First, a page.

"I had seen Henry earlier that day at a record store, I think it was Metronome Records (any New Orleans folks remember that?) He was going to do a signing thing. Can anyone explain to me why bands did these things? Actually I don't remember anyone but Rollins doing something like this... kind of odd, seeing as how he hated it so much.
"Anyway, the thing I remember most about the show was how intense the slam circle was. I was all of 15 and not very big. I remember seeing dudes with the spider web tattoos and the bullet hole tattoos on their bald heads, and how fucking big these guys were. I pressed myself up against the back of the gym wall and simply stood there in awe. Then came the incident. As the band ended playing for the night I made my way up to the little risen stage thing and decided it would be fun to grab a setlist. As I was fishing around the stage, a bare foot came crashing down on my right hand, squashing my fingers. Much pain ensued, I looked up and saw a not very understanding Henry Rollins.
"I did not take home a setlist that evening, but at the same time, I was not the least bit put off. Good times!"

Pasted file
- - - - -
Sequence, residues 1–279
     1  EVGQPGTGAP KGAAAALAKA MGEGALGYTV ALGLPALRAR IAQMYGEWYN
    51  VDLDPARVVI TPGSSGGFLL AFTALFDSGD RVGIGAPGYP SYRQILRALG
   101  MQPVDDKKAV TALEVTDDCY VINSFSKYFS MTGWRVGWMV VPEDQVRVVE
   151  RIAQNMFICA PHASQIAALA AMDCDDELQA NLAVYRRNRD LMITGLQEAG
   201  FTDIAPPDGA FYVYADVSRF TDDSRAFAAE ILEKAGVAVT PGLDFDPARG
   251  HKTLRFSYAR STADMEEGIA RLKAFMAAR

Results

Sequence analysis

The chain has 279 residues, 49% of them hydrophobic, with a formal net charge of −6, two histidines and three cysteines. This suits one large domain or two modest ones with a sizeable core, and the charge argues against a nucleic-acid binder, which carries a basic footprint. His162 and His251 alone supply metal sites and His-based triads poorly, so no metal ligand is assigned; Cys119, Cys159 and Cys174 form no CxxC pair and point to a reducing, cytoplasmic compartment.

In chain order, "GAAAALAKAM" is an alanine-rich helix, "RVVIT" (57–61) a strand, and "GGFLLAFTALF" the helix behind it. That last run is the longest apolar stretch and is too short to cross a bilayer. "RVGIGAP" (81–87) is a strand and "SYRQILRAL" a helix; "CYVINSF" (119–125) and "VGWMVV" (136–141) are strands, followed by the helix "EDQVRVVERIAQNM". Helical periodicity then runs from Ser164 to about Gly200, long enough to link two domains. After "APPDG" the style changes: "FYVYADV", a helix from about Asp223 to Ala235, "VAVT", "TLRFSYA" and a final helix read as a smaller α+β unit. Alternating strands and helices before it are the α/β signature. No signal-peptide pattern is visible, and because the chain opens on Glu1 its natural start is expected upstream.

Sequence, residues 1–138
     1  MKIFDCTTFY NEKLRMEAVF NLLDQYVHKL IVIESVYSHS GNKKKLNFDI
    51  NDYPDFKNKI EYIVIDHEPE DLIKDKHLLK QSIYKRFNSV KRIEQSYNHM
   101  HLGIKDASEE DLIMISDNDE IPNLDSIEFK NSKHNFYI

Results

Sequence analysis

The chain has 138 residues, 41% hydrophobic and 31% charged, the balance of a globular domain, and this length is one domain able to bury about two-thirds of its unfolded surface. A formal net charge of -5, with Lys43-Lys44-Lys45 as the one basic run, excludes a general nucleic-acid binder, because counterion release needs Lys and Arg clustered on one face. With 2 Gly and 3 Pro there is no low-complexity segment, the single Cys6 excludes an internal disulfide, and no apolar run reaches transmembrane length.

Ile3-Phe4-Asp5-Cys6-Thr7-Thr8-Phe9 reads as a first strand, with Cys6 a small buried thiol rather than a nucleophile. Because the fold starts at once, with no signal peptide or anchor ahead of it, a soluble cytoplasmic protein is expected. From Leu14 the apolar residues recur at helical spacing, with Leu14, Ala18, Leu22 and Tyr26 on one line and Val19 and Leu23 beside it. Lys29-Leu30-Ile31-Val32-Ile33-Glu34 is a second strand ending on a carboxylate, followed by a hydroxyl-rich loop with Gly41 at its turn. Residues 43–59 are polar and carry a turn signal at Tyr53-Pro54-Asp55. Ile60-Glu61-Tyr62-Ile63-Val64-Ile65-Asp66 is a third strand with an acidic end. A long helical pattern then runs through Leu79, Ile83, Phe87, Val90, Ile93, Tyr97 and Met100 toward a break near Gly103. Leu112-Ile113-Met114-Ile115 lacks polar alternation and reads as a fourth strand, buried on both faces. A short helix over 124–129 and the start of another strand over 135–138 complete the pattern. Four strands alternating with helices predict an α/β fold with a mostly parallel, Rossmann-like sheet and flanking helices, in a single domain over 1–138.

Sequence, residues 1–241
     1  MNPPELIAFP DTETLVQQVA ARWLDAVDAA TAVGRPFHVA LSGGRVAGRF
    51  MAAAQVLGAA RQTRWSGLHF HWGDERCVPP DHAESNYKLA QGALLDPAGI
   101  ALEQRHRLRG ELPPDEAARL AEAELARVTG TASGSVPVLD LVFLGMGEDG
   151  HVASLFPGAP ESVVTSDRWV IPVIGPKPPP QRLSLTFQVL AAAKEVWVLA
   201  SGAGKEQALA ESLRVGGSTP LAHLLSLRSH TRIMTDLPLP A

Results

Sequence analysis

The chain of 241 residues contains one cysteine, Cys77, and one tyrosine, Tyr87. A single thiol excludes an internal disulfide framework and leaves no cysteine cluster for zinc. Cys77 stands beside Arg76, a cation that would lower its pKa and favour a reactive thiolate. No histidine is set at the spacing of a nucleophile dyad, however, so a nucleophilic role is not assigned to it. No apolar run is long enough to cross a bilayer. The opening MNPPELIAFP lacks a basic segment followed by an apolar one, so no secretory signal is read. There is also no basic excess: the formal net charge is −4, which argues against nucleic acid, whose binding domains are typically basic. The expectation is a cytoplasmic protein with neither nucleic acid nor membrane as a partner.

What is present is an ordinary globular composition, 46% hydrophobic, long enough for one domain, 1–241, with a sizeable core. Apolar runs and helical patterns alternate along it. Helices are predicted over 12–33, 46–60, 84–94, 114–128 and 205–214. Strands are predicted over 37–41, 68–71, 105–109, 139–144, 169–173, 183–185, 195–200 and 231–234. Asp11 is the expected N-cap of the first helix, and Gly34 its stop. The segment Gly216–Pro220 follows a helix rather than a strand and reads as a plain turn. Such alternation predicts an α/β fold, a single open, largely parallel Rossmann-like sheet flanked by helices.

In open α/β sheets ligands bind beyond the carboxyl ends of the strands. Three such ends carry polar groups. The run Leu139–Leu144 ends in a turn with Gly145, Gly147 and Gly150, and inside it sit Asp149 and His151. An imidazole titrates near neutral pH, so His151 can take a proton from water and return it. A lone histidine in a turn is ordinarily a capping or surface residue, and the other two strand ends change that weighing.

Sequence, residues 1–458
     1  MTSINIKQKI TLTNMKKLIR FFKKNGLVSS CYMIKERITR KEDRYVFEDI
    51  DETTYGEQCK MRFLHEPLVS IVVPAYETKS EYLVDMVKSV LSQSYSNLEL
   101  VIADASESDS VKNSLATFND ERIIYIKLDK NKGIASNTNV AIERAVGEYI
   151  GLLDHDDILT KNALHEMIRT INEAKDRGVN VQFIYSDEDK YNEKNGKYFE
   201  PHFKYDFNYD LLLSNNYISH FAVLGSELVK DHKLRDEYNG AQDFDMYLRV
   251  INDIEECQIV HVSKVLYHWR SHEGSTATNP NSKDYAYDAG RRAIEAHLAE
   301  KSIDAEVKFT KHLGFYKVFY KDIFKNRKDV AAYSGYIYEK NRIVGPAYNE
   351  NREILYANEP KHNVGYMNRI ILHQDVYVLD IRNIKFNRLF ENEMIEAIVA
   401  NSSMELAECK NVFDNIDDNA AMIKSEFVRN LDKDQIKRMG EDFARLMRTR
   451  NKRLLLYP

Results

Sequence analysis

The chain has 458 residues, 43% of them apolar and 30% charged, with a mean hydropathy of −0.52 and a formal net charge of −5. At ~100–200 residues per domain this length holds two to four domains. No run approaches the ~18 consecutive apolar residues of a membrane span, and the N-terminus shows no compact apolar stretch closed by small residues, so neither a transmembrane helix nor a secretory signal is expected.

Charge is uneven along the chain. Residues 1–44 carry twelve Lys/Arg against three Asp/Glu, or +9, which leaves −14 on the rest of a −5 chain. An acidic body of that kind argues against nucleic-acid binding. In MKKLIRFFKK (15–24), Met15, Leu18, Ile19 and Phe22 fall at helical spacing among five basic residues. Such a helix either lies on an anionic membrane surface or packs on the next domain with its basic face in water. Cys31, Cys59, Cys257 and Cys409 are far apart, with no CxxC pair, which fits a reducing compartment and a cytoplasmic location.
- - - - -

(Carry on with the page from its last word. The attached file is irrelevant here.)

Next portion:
"One of the best bands ever. Growing up in LA, Black Flag has been a huge influence as long as i can remember. When I was younger, my older brother was pumping No Values and taking me to watch him roller skate halfpipes and pools. The only thing that was played on the boom box was Everything Went Black. My older brother also went to the infamous LA Black Flag show with the riot cops and the stabbing victim...
"I recently purchased a copy of the Everything Went Black double album on vinyl. I almost had a heart attack to find a original Pettibon poster and album cover sticker inside. Imagine... in the store for over 10 years and the record store clerk had no idea.